From this perspective, units of inquiry begin with empathy. For example, eighth grade students study plate tectonics and principles of engineering and architecture that work toward stabilizing buildings in earthquake-prone regions of the world, but not until after they talk with a guest speaker who survived the earthquake in Haiti and collaboratively research the economic, historical and geopolitical factors that contributed to the extreme effects of the 2010 earthquake. They then engage with a presentation with a local civil engineer and begin to conceptualize their own design for an earthquake-proof building. They collaborate, develop a prototype, make improvements, and the culminating activity is a parent night where parents come in and help students test their buildings on a shaker table. Last year we had 100% parental involvement.

Key to this approach is an emphasis on “soft” skills. These skills are not easily measured or taught in traditional ways, but rather emerge as students engage in real world problem solving. Examples include perseverance, risk-taking, flexibility, team-work and time management. As we prepare our learners for college and career readiness, these skills will be crucial as they enter an increasingly complex and always changing job market.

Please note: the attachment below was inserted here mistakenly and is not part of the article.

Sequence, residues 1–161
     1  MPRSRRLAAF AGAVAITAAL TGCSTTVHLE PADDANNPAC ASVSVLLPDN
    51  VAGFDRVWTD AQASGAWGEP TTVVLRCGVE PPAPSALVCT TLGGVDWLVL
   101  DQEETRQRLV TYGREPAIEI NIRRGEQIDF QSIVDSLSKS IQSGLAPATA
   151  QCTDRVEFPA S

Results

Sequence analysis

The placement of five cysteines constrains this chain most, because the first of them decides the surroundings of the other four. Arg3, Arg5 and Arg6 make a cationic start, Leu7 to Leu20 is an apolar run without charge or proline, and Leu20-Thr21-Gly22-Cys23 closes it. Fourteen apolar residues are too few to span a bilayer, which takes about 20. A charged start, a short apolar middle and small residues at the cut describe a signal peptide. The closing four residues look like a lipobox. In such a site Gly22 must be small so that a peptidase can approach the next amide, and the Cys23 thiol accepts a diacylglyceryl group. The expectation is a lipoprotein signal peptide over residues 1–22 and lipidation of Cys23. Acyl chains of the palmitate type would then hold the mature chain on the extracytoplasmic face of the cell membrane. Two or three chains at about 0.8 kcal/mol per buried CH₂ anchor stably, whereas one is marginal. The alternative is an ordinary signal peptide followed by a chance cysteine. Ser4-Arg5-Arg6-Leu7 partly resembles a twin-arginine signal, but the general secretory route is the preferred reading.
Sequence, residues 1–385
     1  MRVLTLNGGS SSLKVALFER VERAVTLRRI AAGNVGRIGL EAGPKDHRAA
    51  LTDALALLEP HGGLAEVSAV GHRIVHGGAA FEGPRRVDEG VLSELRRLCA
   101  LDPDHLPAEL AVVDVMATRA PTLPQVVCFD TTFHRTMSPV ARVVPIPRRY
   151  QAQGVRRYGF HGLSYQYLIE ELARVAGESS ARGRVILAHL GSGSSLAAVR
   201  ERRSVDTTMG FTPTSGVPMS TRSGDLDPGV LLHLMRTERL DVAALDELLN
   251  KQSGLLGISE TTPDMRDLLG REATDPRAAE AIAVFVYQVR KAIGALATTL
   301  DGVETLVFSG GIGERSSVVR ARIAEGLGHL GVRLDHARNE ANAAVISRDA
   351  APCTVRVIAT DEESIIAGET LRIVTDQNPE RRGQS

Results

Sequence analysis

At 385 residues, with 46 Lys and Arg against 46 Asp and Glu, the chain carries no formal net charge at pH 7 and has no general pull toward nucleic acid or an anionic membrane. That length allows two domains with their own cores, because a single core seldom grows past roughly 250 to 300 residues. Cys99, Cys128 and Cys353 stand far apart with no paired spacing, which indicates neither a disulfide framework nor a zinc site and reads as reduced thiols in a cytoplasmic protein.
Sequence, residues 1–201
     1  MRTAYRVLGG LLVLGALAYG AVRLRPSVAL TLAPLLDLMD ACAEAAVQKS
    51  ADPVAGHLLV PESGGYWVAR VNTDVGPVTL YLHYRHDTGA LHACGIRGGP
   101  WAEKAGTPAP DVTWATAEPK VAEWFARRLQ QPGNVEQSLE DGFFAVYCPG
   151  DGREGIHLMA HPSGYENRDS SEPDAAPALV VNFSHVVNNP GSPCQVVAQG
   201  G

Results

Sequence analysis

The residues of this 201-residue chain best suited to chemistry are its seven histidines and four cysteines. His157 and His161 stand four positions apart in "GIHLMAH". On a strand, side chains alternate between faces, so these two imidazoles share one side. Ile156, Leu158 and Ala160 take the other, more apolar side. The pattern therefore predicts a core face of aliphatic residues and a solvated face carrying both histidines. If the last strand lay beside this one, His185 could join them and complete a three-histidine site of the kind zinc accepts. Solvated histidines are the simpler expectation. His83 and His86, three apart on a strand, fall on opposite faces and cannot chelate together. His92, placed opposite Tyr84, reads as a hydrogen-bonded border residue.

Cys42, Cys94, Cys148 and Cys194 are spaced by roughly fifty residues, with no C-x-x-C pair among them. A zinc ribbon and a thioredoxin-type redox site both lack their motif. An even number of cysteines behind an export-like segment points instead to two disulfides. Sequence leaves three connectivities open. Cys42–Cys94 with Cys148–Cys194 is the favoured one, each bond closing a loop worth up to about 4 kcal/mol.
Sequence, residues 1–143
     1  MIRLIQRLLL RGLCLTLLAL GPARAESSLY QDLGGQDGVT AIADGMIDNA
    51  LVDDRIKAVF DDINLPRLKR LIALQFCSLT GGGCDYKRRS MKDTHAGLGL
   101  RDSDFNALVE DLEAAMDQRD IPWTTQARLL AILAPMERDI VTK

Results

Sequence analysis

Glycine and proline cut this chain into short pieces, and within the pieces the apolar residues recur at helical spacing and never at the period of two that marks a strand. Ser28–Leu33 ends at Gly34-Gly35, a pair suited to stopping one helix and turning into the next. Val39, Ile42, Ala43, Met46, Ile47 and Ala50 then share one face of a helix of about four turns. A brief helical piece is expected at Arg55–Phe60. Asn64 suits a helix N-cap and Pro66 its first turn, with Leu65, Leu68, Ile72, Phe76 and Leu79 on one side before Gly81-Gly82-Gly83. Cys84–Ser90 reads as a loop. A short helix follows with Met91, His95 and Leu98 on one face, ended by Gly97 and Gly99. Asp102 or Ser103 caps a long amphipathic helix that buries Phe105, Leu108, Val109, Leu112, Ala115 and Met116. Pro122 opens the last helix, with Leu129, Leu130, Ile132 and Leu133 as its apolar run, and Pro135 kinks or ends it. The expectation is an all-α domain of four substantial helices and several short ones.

Sketch of plans for a building designed to withstand an earthquake.


Small prototype of a building designed to withstand an earthquake.


Topic: Next Generation Science Standards Curriculum Adoption and Implementation


  • Maintain fidelity to the school mission/culture
  • Leverage community/RESC partnerships:
  • Incorporate design based thinking

District: Side By Side Charter School

District Snapshot: Single school, charter district; 236 Students; Serve students in grades Pre-K through 8th grade; 59.3% eligible for free/reduced price meals; 10.6% students with disabilities; 9.3% English learners; 17.5 Full Time Equivalent Educators; $12,265 per pupil

District contact: Matthew Nittoly, Executive Director

Mary Newbery, Assistant Director


Marzano, R. (2003). What works in schools : Translating research into action. Alexandria, VA: ASCD.